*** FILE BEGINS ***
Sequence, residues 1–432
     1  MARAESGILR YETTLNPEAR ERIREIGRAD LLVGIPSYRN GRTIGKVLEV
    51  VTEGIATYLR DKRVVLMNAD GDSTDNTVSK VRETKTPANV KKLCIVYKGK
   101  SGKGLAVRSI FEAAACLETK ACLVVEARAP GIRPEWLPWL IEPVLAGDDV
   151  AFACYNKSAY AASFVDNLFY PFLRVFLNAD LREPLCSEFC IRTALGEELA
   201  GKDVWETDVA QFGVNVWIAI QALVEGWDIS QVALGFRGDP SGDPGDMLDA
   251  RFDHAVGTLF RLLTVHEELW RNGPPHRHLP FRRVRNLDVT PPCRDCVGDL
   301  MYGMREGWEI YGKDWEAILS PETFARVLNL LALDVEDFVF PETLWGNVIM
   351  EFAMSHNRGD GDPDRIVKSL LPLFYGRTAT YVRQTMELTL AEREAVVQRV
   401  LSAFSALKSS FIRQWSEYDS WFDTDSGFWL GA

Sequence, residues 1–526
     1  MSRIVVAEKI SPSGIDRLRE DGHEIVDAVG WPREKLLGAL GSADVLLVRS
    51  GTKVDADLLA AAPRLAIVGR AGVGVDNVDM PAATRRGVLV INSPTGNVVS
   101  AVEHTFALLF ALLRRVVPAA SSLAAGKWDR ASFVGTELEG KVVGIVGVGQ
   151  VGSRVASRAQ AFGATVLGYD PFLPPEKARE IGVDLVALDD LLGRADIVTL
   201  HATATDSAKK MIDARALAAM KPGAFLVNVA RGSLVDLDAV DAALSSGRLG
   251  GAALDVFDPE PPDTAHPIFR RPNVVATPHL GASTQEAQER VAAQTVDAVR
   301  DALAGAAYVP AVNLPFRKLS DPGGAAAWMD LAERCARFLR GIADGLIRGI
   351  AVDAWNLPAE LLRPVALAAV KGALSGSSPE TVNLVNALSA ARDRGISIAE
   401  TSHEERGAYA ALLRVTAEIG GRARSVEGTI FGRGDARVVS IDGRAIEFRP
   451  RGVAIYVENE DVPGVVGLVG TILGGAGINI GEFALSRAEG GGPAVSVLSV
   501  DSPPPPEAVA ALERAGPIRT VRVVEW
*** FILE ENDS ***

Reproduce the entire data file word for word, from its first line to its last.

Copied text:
Sequence, residues 1–432
     1  MARAESGILR YETTLNPEAR ERIREIGRAD LLVGIPSYRN GRTIGKVLEV
    51  VTEGIATYLR DKRVVLMNAD GDSTDNTVSK VRETKTPANV KKLCIVYKGK
   101  SGKGLAVRSI FEAAACLETK ACLVVEARAP GIRPEWLPWL IEPVLAGDDV
   151  AFACYNKSAY AASFVDNLFY PFLRVFLNAD LREPLCSEFC IRTALGEELA
   201  GKDVWETDVA QFGVNVWIAI QALVEGWDIS QVALGFRGDP SGDPGDMLDA
   251  RFDHAVGTLF RLLTVHEELW RNGPPHRHLP FRRVRNLDVT PPCRDCVGDL
   301  MYGMREGWEI YGKDWEAILS PETFARVLNL LALDVEDFVF PETLWGNVIM
   351  EFAMSHNRGD GDPDRIVKSL LPLFYGRTAT YVRQTMELTL AEREAVVQRV
   401  LSAFSALKSS FIRQWSEYDS WFDTDSGFWL GA

Sequence, residues 1–526
     1  MSRIVVAEKI SPSGIDRLRE DGHEIVDAVG WPREKLLGAL GSADVLLVRS
    51  GTKVDADLLA AAPRLAIVGR AGVGVDNVDM PAATRRGVLV INSPTGNVVS
   101  AVEHTFALLF ALLRRVVPAA SSLAAGKWDR ASFVGTELEG KVVGIVGVGQ
   151  VGSRVASRAQ AFGATVLGYD PFLPPEKARE IGVDLVALDD LLGRADIVTL
   201  HATATDSAKK MIDARALAAM KPGAFLVNVA RGSLVDLDAV DAALSSGRLG
   251  GAALDVFDPE PPDTAHPIFR RPNVVATPHL GASTQEAQER VAAQTVDAVR
   301  DALAGAAYVP AVNLPFRKLS DPGGAAAWMD LAERCARFLR GIADGLIRGI
   351  AVDAWNLPAE LLRPVALAAV KGALSGSSPE TVNLVNALSA ARDRGISIAE
   401  TSHEERGAYA ALLRVTAEIG GRARSVEGTI FGRGDARVVS IDGRAIEFRP
   451  RGVAIYVENE DVPGVVGLVG TILGGAGINI GEFALSRAEG GGPAVSVLSV
   501  DSPPPPEAVA ALERAGPIRT VRVVEW